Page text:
Today, for finite quantum groups, I want to explore some properties of the relationship between a state \nu\in M_p(G), its density a_\nu (\nu(b)=\int_G ba_\nu), and the support of \nu, p_{\nu}.

I also want to learn about the interaction between these object, the stochastic operator

\displaystyle T_\nu=(\nu\otimes I)\circ \Delta,

and the result

T_\nu(a)=S(a_\nu)\overline{\star}a,

where \overline{\star} is defined as (where \mathcal{F}:F(G)\rightarrow \mathbb{C}G by a\mapsto (b\mapsto \int_Gba)).

\displaystyle a\overline{\star}b=\mathcal{F}^{-1}\left(\mathcal{F}(a)\star\mathcal{F}(b)\right).

An obvious thing to note is that

\nu(a_\nu)=\|a_\nu\|_2^2.

Also, because

\begin{aligned}\nu(a_\nu p_\nu)&=\int_Ga_\nu p_\nu a_\nu=\int_G(a_\nu^\ast p_\nu^\ast p_\nu a_\nu)\\&=\int_G(p_\nu a_\nu)^\ast p_\nu a_\nu\\&=\int_G|p_\nu a_\nu|^2\\&=\|p_\nu a_\nu\|_2^2=\|a_\nu\|^2\end{aligned}

That doesn’t say much. We are possibly hoping to say that a_\nu p_\nu=a_\nu.

Actually this is not difficult. Note that \nu(1-p_\nu)=0. Therefore

\begin{aligned} \int_G(1-p_\nu)a_\nu&=0\\ \Rightarrow \int_G(a_\nu-p_\nu a_\nu)&=0\end{aligned},

and note that as the product of positive elements, (1-p_\nu)a_\nu is positive, and as \int_G is faithful, we have a_\nu=p_\nu a_\nu. Using traciality of \int_G we have:

a_\nu=a_\nu p_\nu=p_\nu a_\nu=p_\nu a_\nu p_\nu.

Note now that a_\nu\overline{\star}a_\nu=a_{\nu^{\star 2}}. Suppose now that \nu is an idempotent. We want to compare now both a_\nu and p_\nu, and also consider the fact that a_\nu is an idempotent in the ‘convolution algebra’ (F(G),\overline{\star}).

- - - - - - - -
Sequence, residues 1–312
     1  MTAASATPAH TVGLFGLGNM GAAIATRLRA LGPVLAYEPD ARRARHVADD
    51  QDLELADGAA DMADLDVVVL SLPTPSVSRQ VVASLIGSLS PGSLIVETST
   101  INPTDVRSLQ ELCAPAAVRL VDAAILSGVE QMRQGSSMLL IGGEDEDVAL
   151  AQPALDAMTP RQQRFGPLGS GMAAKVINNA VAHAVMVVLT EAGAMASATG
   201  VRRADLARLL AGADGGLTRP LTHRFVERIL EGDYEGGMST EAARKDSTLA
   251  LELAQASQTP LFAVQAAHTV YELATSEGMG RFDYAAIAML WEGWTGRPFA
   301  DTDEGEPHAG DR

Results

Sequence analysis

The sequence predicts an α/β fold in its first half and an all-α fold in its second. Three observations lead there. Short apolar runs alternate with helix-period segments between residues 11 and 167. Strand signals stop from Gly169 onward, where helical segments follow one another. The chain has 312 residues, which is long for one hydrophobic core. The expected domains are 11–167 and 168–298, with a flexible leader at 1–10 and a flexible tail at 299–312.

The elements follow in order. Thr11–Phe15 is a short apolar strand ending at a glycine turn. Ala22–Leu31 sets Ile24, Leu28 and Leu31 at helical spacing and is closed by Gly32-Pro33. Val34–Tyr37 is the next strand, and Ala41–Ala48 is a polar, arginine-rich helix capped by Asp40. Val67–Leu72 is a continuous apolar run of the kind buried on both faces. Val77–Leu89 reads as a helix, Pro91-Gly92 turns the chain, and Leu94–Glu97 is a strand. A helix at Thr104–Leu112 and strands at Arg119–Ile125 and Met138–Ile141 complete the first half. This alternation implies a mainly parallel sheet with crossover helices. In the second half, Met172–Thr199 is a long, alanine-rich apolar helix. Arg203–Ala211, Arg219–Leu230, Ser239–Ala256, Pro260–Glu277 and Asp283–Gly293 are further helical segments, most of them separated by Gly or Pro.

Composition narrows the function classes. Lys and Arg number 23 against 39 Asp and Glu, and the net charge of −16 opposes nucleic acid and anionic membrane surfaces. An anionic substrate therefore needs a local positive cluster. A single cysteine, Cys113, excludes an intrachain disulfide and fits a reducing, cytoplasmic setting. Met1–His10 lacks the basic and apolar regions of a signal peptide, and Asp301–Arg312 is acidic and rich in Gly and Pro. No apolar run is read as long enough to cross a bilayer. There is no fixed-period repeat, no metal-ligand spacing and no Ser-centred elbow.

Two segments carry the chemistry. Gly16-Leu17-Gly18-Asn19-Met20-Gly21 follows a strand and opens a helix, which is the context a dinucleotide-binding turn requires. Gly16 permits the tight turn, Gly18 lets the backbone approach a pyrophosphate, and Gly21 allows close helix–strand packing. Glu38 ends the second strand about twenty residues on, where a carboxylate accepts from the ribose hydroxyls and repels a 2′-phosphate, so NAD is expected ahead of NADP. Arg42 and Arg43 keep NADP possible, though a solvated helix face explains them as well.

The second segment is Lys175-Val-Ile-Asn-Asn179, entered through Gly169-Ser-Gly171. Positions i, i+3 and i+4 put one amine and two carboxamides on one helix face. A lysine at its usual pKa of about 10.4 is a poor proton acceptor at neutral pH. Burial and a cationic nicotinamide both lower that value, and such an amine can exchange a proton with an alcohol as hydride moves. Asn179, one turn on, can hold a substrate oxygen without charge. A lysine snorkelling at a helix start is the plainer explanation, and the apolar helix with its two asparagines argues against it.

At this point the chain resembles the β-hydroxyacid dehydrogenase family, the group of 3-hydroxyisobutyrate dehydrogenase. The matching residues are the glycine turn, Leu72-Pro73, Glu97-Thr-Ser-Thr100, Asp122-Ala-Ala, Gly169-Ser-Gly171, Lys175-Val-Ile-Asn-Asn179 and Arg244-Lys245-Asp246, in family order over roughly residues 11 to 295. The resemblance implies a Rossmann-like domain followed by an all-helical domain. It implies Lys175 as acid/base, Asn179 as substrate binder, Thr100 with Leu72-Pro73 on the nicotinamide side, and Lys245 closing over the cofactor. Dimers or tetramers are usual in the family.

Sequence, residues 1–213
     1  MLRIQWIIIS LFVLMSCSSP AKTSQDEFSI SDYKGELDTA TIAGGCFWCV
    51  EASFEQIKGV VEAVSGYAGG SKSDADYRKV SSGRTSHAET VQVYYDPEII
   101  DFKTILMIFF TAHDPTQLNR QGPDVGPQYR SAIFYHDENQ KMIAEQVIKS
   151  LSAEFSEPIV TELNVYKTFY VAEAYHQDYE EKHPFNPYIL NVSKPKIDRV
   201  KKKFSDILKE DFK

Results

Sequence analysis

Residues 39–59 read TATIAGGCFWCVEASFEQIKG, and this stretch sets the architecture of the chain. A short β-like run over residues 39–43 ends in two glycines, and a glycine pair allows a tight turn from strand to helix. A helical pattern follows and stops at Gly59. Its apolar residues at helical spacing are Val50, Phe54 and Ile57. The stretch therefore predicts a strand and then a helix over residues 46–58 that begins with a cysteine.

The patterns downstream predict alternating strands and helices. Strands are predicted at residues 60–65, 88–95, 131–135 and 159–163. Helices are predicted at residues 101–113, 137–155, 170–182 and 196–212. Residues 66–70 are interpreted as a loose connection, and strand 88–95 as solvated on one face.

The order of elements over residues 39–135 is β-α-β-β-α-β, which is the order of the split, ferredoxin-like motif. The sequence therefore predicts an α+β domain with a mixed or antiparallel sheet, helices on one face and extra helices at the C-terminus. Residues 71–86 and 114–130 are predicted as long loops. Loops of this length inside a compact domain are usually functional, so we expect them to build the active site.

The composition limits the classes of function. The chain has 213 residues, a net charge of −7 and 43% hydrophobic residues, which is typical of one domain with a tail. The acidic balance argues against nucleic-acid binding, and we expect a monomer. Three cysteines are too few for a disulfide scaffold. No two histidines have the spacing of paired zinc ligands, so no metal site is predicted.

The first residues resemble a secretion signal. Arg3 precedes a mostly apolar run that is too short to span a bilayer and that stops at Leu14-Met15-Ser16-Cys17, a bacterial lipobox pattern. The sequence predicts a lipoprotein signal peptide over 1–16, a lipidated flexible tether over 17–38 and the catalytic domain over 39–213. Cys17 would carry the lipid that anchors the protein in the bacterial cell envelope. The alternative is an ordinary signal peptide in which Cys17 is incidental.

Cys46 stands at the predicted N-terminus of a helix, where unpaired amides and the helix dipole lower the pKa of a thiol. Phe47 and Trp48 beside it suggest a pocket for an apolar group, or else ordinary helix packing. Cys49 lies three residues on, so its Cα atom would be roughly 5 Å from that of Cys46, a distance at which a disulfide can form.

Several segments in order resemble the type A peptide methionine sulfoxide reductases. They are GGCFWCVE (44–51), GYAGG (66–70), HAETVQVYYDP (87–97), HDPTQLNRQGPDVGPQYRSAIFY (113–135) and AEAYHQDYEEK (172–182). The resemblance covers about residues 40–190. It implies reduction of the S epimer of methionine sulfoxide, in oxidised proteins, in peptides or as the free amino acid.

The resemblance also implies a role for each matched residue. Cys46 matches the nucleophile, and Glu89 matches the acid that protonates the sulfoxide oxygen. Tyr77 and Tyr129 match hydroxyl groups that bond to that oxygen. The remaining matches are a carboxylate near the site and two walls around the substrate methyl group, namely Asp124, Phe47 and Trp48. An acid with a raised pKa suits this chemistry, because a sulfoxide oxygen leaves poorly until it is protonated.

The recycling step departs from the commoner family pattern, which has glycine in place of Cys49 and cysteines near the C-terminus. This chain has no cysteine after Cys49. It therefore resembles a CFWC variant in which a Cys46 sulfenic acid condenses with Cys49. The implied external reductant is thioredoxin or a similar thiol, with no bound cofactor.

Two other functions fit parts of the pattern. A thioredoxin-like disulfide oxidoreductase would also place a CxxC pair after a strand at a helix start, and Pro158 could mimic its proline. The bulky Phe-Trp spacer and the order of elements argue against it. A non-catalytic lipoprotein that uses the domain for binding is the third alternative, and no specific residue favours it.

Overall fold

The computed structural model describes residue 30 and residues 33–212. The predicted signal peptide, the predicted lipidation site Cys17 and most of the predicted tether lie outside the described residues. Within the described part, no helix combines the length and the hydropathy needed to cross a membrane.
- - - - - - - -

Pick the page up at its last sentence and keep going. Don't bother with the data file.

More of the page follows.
First off… perhaps in this case a_\nu=p_\nu? Or rather a_\nu=\tilde{p_\nu} where \tilde{p_\nu} is normalised \tilde{p_\nu}=\frac{1}{\int_G p_\nu}p_\nu.

Firstly, if \nu is idempotent then it can be thought of as the indicator function on a quasi-subgroup, \nu=\int_S and its support \mathbf{1}_S. It is trivial that a_{\int_S} is idempotent in the convolution algebra.

We are thinking about \mathbf{1}_S=p_0 for a T_\nu-cyclic partition of unity (p_i) but I do not believe I have yet shown that this yet corresponds to a idempotent state!

I want to say that the normalisation factor \frac{1}{\int_Gp_0}=d\in\mathbb{N} but this is true in this T_\nu-cyclic case but… OK let us think more generally.

So forget about a cyclic partition of unity for the moment (must prove right-eigenvectors of T_\mu correspond in a bijective way with idempotent states as left-eigenvectors). Just consider the support of an idempotent state \int_S, \mathbf{1}_S, and its density a_{\int_S}.

The proposal is that:

\displaystyle a_{\int_S}=\frac{1}{\int_G\mathbf{1}_S}\mathbf{1}_S.

This is about idempotent states only. It is not true in general for states. For example, for classical G, if \nu=(\delta^{g_1}/3+2\delta^{g_2}/3), the density is:

a_\nu=|G|(\delta_{g_1}/3+2\delta_{g_2}/3),

but the support is p_\nu=(\delta_{g_1}+\delta_{g_2}) which is not equal to \int_G a_\nu \cdot p_\nu.

We know that a_{\int_S}=a_{\int_S}\mathbf{1}_S, etc. Just to make the notation clear,